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Wixom, MI, United States

Boman D.,Texas Tech University Health Sciences Center | Bilbao J.,Texas Tech University Health Sciences Center | Gupta A.,Rockwell Medical
Clinical Nephrology | Year: 2013

Background: Parenteral iron therapy is the mainstay of treating iron deficiency anemia in chronic kidney disease (CKD) patients. Methods: Retrospective case study of iron staining of renal tissues in 2 CKD patients who had received intravenous iron prior to the renal biopsy. Results: Following the infusion of ferumoxytol, iron staining of renal biopsy demonstrated blue curvilinear depostiion of iron in the tissue macrophages (histocytes) and interstitium of the kidney. Renal iron depostiion was not observed in a patient administered intravenous iron dextran. Conclusion: We postulate that the higher molecular weight of ferumoxytol and different carbohydrate components may lead to depostiion and trapping of the ironcarbohydrate complexes in the reticuloendothelial system of the kidney. Potential renal toxicity from iron induced oxidant stress, especially in patients with underlying chronic kidney disease, merits further investigation. Source


Ritu G.,Charak Foundation | Gupta A.,Charak Foundation | Gupta A.,Rockwell Medical
Nutrients | Year: 2014

Vitamin D deficiency prevails in epidemic proportions all over the Indian subcontinent, with a prevalence of 70%-100% in the general population. In India, widely consumed food items such as dairy products are rarely fortified with vitamin D. Indian socioreligious and cultural practices do not facilitate adequate sun exposure, thereby negating potential benefits of plentiful sunshine. Consequently, subclinical vitamin D deficiency is highly prevalent in both urban and rural settings, and across all socioeconomic and geographic strata. Vitamin D deficiency is likely to play an important role in the very high prevalence of rickets, osteoporosis, cardiovascular diseases, diabetes, cancer and infections such as tuberculosis in India. Fortification of staple foods with vitamin D is the most viable population based strategy to achieve vitamin D sufficiency. Unfortunately, even in advanced countries like USA and Canada, food fortification strategies with vitamin D have been only partially effective and have largely failed to attain vitamin D sufficiency. This article reviews the status of vitamin D nutrition in the Indian subcontinent and also the underlying causes for this epidemic. Implementation of population based educational and interventional strategies to combat this scourge require recognition of vitamin D deficiency as a public health problem by the governing bodies so that healthcare funds can be allocated appropriately. © 2014 by the authors; licensee MDPI, Basel, Switzerland. Source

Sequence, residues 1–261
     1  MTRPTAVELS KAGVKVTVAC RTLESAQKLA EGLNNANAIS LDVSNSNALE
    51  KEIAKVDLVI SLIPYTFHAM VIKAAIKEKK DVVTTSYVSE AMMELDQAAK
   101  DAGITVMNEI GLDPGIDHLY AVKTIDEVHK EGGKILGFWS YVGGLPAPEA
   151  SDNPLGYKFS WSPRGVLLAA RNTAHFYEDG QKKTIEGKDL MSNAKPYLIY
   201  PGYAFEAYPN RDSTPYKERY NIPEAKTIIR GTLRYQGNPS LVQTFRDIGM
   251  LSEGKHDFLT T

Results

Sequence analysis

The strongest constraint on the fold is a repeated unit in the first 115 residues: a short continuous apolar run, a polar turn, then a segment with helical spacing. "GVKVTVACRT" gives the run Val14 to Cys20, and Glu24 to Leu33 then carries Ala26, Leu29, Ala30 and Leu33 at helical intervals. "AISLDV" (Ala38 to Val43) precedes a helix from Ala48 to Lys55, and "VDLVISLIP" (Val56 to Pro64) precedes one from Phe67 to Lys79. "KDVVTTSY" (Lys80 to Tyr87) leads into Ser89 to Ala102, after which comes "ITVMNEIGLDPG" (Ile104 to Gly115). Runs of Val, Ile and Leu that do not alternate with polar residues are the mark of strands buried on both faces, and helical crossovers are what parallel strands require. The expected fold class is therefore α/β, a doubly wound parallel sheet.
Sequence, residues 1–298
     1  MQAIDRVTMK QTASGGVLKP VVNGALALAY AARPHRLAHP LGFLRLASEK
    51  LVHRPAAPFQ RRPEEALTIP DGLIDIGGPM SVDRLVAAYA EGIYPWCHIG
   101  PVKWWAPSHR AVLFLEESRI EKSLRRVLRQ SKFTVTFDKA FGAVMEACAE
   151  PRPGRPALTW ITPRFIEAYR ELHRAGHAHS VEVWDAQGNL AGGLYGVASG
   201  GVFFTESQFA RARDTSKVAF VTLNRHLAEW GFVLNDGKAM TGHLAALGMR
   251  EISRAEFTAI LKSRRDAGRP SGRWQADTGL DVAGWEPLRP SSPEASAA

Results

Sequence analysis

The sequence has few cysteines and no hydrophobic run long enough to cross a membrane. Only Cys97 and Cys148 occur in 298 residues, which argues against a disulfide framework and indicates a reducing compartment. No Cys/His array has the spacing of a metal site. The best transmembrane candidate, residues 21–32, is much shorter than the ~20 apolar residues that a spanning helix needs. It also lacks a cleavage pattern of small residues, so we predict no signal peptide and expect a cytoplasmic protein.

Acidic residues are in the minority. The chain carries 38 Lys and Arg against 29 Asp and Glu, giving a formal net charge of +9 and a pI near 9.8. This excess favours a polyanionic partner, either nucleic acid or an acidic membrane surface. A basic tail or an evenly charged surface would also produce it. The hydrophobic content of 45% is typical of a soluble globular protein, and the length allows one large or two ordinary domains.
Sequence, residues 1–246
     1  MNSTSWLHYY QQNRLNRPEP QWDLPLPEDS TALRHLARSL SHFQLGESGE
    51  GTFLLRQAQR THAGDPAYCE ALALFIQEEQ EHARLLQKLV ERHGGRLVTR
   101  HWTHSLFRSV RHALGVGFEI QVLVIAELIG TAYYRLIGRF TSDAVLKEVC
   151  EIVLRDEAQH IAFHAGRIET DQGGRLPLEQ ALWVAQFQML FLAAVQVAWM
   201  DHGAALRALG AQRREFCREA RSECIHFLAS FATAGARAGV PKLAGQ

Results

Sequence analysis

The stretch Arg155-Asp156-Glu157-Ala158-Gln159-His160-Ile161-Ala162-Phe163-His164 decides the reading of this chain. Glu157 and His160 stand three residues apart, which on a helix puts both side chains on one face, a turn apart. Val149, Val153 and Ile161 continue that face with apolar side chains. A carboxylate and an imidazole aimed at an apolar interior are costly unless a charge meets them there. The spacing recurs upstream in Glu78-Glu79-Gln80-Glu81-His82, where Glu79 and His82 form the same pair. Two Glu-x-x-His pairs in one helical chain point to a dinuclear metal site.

Tolouian R.,Texas Tech University Health Sciences Center | Hernandez G.T.,Texas Tech University Health Sciences Center | Chiang W.-Y.,Chander Medical Associates Inc. | Gupta A.,Rockwell Medical
European Journal of Internal Medicine | Year: 2010